• DataStax/Cassandra wins over Couchbase only when multi-data-center capability is important. Naturally, multi-data-center capability is planned for Couchbase. (Indeed, that’s one of the benefits of swapping in CouchDB at the back end.)
  • Redis has “dropped off the radar”, presumably because there’s no particular persistence strategy for it.
  • Riak doesn’t show up much.

I assume this is sort of a pre-sales/sales department 100k feet overview.

Original title and link: NoSQL Market from Couchbase Perspective (NoSQL database©myNoSQL)


History of Couch Projects

Just in case you thought someone made up the whole thing about the status of CouchDB being confusing:

History of Couch Projects

Found in Koji Kawamura‘s Introduction of CouchDB JP slides .

On the other hand I’m still trying to figure out if things in CouchDB land were more confusing than the various Hadoop versions out there. If you compare the two genealogy trees you’ll notice a reversed pattern.

Original title and link: History of Couch Projects (NoSQL database©myNoSQL)

Couchbase Server 1.8 Released, Rebranding and Some Improvements in Cluster Rebalancing

Couchbase Server 1.8 replaces Membase Server 1.7 as our “flagship” database offering. In addition to the obvious rebranding, we’ve made substantial improvements in the cluster rebalancing process and fixed a number of nagging issues in 1.7.

In case you feel lost with which Couchbase products are which, read my 5 bullet points explanation.

Original title and link: Couchbase Server 1.8 Released, Rebranding and Some Improvements in Cluster Rebalancing (NoSQL database©myNoSQL)


Couchbase: Clarifying Confusions in 5 Bullet Points

Here are the 5 bullet points that would helped Couchbase clarify all the confusion about Couchbase, Membase, CouchDB:

  1. We are working on Couchbase server 2.0. This is our next major release and the only product we will be focusing next. It represents the continuation of our current Membase server product.
  2. Until Couchbase server 2.0 is out, we might release one or two updates to our Membase server that are addressing the most important issues.
  3. We will provide a migration path to users of Membase server to Couchbase server 2.0
  4. We will not support anymore our distribution of CouchDB known as Couchbase Single Server. Damien Katz, creator of CouchDB, has decided to step away from the Apache CouchDB project and focus on Couchbase development.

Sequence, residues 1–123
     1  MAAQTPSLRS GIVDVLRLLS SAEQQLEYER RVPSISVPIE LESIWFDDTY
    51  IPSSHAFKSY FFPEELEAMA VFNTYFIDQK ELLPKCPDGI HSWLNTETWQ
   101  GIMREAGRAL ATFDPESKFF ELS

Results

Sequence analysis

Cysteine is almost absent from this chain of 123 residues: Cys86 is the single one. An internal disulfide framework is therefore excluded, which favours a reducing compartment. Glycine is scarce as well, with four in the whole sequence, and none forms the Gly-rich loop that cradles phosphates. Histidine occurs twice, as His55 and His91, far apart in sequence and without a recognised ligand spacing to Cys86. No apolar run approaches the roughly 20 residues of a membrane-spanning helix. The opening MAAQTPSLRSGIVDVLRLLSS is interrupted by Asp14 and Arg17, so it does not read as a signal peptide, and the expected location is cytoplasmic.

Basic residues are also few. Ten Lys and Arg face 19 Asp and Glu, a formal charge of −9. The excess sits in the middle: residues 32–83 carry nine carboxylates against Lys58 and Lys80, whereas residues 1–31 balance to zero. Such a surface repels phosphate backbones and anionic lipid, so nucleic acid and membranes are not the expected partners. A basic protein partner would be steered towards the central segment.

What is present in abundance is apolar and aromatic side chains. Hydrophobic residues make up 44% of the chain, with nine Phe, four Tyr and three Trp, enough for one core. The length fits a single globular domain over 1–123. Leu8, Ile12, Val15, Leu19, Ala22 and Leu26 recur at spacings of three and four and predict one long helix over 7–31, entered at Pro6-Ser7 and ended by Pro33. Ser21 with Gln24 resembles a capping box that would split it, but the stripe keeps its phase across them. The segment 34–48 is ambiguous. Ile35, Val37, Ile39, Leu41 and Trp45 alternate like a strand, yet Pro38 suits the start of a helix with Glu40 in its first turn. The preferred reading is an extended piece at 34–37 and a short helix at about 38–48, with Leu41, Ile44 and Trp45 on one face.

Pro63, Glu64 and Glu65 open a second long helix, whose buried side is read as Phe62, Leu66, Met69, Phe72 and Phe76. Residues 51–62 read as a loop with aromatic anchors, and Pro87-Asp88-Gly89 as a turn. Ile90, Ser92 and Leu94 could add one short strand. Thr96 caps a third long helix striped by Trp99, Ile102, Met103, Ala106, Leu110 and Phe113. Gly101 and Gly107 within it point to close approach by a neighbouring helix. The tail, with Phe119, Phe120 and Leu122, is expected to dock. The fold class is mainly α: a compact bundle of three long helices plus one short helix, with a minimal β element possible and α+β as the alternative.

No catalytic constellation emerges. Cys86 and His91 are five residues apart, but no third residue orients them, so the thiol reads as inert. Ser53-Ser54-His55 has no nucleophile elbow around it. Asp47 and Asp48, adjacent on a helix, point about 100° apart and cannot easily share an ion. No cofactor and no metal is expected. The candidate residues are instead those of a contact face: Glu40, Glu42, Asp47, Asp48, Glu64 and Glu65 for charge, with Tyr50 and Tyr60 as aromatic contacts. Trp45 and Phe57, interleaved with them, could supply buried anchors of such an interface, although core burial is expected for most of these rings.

5. Due to the major changes in Couchbase server 2.0, we will not offer a migration path for the users of Couchbase Single Server to Couchbase server 2.0.

Original title and link: Couchbase: Clarifying Confusions in 5 Bullet Points (NoSQL database©myNoSQL)

Reinforcing Couchbase's Commitment to Open Source

Bob Wiederhol, the CEO of Couchbase:

We’re 100% committed to open source and all of our code is available under the Apache 2.0 license.


Original title and link: Reinforcing Couchbase’s Commitment to Open Source (NoSQL database©myNoSQL)


CouchDB: A Season Finale

There was a story earlier this year that I, as someone that has spent an enormous amount of time contributing to open source projects, thought it was no story. Considering how much was published about it, chances were you already read something about Damien Katz’s The future of CouchDB.

At the time of that post, my draft looked like this:

And now I, and the Couchbase team, are mostly moving on. It’s not that we think CouchDB isn’t awesome. It’s that we are creating the successor to it: Couchbase Server. A product and project with similar capabilities and goals, but more faster, more scalable, more customer and developer focused. And definitely not part of Apache.

Elvis has left the building. Please welcome The Beatles!

I always thought that some sort of a message from the its creator was needed to completely clear the waters about CouchDB. Damien’s post together with the earlier post from Couchbase announcing the discontinuation of the Couchbase Single Server (Couchbase’s CouchDB distribution) were bringing closure to the CouchDB saga. And that was good.

I knew that the Apache CouchDB project and community are doing fine. Noah Slater’s email just confirmed that:

As some of you may have already read, Damien Katz, Apache CouchDB’s original developer, has publicly announced that he intends to focus his time exclusively on developing other products for his company. Damien has had very little involvement in the CouchDB project for a year or more now, so, for many people, this is confirmation of what they already knew. […]

Our biggest strength has always been the breadth and depth of our community of developers and users. In the very near future, we’ll be voting in a new committer, appointing a new PMC member, sprucing up the website, and making a major new release

Late last year, I also suggested that Cloudant would become the go to company for CouchDB. Adam Kocoloski’s post confirmed this too:

We, along with a host of other companies, strongly support the open source community in building CouchDB and we do not plan on stopping. We have been fortunate in our ability to attract outstanding engineers, investors, and customers. We intend to continue devoting resources to Apache CouchDB and offer our help in any way the community desires.

While I could understand some of the criticisms[1], my conclusion was pretty close to what Bradley Holt wrote:

Going forward, you’ll have two choices, either Apache CouchDB or Couchbase Server. The road map for Apache CouchDB will continue to be determined by community consensus. The road map for Couchbase Server will be determined by Couchbase, the company.

But I was left with a nagging feeling that I missed something. I kept on circling around a small part of the original post:

What’s the future of CouchDB? It’s Couchbase.

How could a product that is removing defining features (e.g. the HTTP RESTful API or the peer-to-peer replication), that is already different (Volker Mische’s post provides details), and that offers no clear migration path be the future of CouchDB?

The answer is actually simpler than I thought:

Couchbase is the future of CouchDB as CouchDB was the future of Lotus Notes. A new product that takes inspiration from the experience and lessons learned while building the previous one.

And that was a CouchDB season finale. I’m already looking forward to the next season’s plots.

Original title and link: CouchDB: A Season Finale (NoSQL database©myNoSQL)